But there is another problem that we notice, and he doesn’t yet. In the diner, Scott was taller than Clarice. On this park bench under the trees… he’s not anymore….
He notices this with a start after he helps Clarice to her feet to buy her a drink. It’s been two weeks since that first meeting over coffee and he’s obviously started to shrink again!
Commentary: The Clarice/Scott meeting is handled a bit awkwardly in my opinion. With the time skip being two weeks, it feels odd to me that we’ve seen no indication of Louise being aware that Scott is meeting this woman, or what her feelings about it are [which you have to assume would be either ambivalent over her husband spending so much time with her, or cautiously relieved that Scott seems to be coming to terms emotionally with his new height] -- and in fact Louise’s emotional rollercoaster seems to be happening largely off-screen which is a missed opportunity, especially in her interactions with her husband.
Scene 27: Some time later, and poor Scott has reached doll-size proportions and moved into an actual dollhouse. But it’s not just Scott’s size that has changed even more. He’s now short enough that Louise’s walking down the stairs in her heels causes his ‘home’ to shake and her speaking at a normal tone of voice causes severe pain to his head.
She’s going out to the corner store, but first has to pass Scott’s suspicious questioning about it.
Louise goes to leave, but realizes she forgot an envelope she needs to post. She only turns her back for a moment, but in that moment the front door is left open. The cat dashes its way in, unnoticed by her before she goes on her way.
Scene 28: After his wife leaves, Carey wanders the dollhouse and voiceovers that as he continued to shrink everyday a little more, he realized that he was becoming more and more tyrannical toward his wife.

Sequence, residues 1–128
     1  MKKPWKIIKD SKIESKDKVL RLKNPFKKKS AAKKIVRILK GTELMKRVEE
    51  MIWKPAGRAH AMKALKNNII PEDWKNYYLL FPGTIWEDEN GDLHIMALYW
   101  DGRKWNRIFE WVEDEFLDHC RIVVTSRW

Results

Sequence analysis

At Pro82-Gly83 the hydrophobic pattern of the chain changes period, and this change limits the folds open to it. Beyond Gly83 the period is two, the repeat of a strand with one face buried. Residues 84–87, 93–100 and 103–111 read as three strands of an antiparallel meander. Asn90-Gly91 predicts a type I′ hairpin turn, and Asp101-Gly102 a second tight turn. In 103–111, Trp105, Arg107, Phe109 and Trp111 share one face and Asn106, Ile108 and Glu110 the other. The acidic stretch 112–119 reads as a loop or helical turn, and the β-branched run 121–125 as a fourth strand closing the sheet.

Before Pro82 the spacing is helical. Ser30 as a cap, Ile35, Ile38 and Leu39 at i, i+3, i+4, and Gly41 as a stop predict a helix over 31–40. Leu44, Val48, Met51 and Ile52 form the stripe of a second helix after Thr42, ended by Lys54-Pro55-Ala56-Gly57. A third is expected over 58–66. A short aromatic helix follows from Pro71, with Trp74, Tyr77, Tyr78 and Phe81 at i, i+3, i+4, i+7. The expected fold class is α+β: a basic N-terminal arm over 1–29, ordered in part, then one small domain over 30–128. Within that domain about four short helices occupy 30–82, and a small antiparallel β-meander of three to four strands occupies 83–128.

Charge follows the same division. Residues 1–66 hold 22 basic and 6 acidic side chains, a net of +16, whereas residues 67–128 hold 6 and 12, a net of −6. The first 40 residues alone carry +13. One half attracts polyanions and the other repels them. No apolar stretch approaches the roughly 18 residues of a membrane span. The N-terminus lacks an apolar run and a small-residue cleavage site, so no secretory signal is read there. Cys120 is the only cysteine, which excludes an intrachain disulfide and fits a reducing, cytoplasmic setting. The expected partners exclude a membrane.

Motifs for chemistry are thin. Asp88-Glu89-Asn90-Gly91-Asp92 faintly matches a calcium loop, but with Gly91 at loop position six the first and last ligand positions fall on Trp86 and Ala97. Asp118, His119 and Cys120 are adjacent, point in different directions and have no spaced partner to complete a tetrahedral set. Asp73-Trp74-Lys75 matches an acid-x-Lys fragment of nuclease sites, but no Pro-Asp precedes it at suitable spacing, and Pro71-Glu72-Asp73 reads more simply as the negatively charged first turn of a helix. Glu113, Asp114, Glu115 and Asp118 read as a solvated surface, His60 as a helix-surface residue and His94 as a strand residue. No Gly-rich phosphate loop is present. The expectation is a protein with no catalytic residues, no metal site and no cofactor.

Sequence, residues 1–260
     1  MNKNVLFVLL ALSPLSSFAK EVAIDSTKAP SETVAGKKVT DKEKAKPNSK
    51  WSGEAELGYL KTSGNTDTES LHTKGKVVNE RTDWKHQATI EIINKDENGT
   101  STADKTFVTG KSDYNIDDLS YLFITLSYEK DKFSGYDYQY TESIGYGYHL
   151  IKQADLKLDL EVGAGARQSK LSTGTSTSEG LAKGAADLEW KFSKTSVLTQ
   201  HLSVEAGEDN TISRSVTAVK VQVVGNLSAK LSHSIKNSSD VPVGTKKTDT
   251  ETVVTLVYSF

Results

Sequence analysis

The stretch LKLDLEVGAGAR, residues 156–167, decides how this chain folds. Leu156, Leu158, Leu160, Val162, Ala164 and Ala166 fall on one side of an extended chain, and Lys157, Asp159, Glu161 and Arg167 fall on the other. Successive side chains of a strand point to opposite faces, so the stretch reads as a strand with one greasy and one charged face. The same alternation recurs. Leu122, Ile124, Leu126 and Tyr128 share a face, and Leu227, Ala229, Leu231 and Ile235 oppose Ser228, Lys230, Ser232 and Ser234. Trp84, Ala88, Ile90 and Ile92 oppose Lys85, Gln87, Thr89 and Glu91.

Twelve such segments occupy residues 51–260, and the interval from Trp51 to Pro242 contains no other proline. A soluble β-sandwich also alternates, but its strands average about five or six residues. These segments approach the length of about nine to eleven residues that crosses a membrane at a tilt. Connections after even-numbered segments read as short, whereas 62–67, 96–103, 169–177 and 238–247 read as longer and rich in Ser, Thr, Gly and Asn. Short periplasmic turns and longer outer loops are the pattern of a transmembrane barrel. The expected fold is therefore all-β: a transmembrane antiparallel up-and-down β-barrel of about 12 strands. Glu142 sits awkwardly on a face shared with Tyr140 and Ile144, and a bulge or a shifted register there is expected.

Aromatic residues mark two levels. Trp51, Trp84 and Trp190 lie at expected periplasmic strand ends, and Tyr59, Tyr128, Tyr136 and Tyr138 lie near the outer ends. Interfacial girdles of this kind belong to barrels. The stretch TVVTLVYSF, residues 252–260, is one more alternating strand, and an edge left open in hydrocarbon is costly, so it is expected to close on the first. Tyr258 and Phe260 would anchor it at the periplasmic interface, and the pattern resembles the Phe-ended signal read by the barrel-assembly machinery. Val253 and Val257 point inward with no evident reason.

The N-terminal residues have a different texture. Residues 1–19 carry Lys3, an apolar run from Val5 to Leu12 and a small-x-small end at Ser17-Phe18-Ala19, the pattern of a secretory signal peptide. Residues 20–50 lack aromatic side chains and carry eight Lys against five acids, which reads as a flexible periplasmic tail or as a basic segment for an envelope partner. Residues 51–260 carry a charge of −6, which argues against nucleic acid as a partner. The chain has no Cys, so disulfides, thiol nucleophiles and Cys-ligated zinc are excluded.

He admits to us that he considered suicide nearly daily, but always backed away from it in desperate hopes that the doctors would find the answer and save him. As he’s lying on his doll couch, we see [and hear, thanks to dramatic-musical-sting] the cat sniffing around the toy house.
At first Scott doesn’t notice, but then he hears the sniffing at his ‘front door’ and the whiskers brushing against the house. He foolishly opens the door, to find the giant cat growling his way.
Kitty-kitty goes on the assault, thanks to those empty windows and Scott takes a claw to the back. But he’s armed too, with a homemade blade. But Scott has a problem, in that the cat is easily able to force the dollhouse open at its hinges and he invades the ‘living room’, as our shrunk man makes for the second floor.
Realizing he’s not safe, Scott takes off out of the front door and across the expanse of carpeting toward the dubious hiding place of a chair leg.
Scene 29: As the cat is busy sniffing around the doll house still, Scott tries to run for it but is way too slow. The cat paws him off of his feet and hisses at him as he lays vulnerable.
Just as it looks like Scott is going to get eaten by his own pet, he spots a lamp cord. Jumping on it, he’s able to pull the lamp off of the side table it sits on, and this in turn frightens the cat into a retreat, leaving Scott time to dash away.
He makes his way to the basement, and struggles to close the door. But the kitty has returned and notices the door-shifting. He sticks his paw in the way and tries to grab at Carey, while he struggles to push the door shut on kitty paw.
They seem to be at a standstill with the cat’s greater strength meeting Scott’s greater leverage against the door, until Louise makes a sudden return. The wind from the front door is enough to shove the door, which shoves Scott off of the staircase and into a bin below.
Scene 30: For Louise, it’s utter horror. She sees the aftermath of the cat’s attack on Scott’s dollhouse and searches frantically for any sign that he survived. All she finds is a scrap of his bloody shirt and the cat licking its paw….
Scene 31: A short time later and a press release has been issued reporting Scott Carey’s death. Louise has been joined by Scott’s brother and a homecare nurse. She reports to Charlie that even though Louise has been given a powerful sedative, it’s barely working on her and she’s asked for him. She then leaves for a bit to fill a prescription for her patient.